Today, a homeowners’ association’s (HOA’s) board of directors depends on technology to store contracts, banking information, and other confidential documents. While digitization increases efficiency, it also intensifies the potential for fraud and theft of community funds. Even with checks and balances in place, like collective oversight of a community’s financials from board members and community managers, an association’s money can still be at risk.
Managing an association’s account manually and collectively elevates the opportunity for mistakes to happen, making it crucial to identify what’s human error versus ill intent. While it’s a board’s fiduciary duty to protect the financial health of its HOA, you must also remain respectful, objective, and observant. If you see something, do something. Here are steps for investigating suspicious financial activity that may be going on in your HOA, and tips for protecting your association’s finances.
Understanding Signs of Fraud in Your HOA
As a board member, you agreed to honor your commitment to the community, doing what’s best for everyone who lives within it. In that effort, service to the HOA includes keeping an eye out for a misuse of association capital. Signs of fraud can look like multiple or unusually high payments for unbudgeted purchases, payments made to vendors that don’t exist, or suspicious-looking or forged signatures appearing on HOA documents. Examples of deceit are theft or embezzlement, lying on financial documents, or bribes and kickbacks. It’s possible that a suspicious act may be merely a miscalculation or unintentional flaw, so investigating your suspicions before rushing to conclusions is critical.
3 Steps for Investigating Suspicious Financial Acts Within Your HOA
If you suspect theft or fraud has happened or is happening within your association, it’s important to collect the right data and contact the appropriate people to preserve the integrity of the board. That means talking to your association attorney for general guidance and taking the following steps to confirm your belief of the suspicious activity and correctly identify the parties involved.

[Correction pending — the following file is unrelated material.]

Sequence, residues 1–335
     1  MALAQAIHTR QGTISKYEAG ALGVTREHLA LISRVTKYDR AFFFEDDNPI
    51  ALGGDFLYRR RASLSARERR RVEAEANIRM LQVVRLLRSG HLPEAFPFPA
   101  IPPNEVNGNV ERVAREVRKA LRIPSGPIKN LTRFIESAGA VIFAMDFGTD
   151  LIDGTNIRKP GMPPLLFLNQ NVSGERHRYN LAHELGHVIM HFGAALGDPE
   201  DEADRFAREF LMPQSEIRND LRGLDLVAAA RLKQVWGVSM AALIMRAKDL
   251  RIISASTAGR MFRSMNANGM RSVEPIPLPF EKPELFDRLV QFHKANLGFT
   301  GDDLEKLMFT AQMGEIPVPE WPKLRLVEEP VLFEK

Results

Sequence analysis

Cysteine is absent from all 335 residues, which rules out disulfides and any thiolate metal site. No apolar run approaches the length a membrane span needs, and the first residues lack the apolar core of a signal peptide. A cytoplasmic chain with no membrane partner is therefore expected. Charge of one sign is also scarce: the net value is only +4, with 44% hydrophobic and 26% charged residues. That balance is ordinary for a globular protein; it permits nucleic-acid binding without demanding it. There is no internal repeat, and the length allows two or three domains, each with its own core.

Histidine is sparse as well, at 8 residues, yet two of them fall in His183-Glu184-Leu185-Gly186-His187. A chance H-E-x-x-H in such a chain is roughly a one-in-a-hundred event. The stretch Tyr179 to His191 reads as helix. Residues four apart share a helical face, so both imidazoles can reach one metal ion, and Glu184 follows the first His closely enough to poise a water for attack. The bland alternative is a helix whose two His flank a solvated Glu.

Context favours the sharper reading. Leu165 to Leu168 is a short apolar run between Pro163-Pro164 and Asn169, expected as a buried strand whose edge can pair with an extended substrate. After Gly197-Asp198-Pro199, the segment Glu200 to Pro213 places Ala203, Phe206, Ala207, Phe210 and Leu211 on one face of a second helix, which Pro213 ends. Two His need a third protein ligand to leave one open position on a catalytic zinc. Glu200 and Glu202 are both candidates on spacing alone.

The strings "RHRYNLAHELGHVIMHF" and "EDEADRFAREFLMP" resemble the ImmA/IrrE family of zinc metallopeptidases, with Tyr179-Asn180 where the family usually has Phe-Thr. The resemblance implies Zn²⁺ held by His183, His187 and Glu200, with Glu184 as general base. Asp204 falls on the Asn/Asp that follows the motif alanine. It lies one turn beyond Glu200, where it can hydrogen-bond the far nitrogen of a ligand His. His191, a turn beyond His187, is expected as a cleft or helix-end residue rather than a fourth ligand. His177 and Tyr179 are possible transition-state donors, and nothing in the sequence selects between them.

Step 1: Gather the evidence.
It’s easy to make assumptions about a fellow board member, a community manager, or an employee. To validate your suspicions, gather the data. Investigating fraud or theft that happened years before may be harder to prove, since vendor agreements or monthly financial records might be lost or destroyed. A community’s financial statements, reserves, and audits may reveal clues, assuming they’re still available. Some states require certain documents to be stored indefinitely, so you might find it easier to start by reviewing legal records thoroughly to prove your claim. Some legacy records include:
- Meeting minutes
- Governing documents
- Legal settlement agreements
- Legal deeds and titles
- Tax ID issuance
- Paperwork granting tax exemptions
- Tax returns
While board members should have access to the community’s important documents, you can access the association’s records through a civil records request from your district clerk’s office.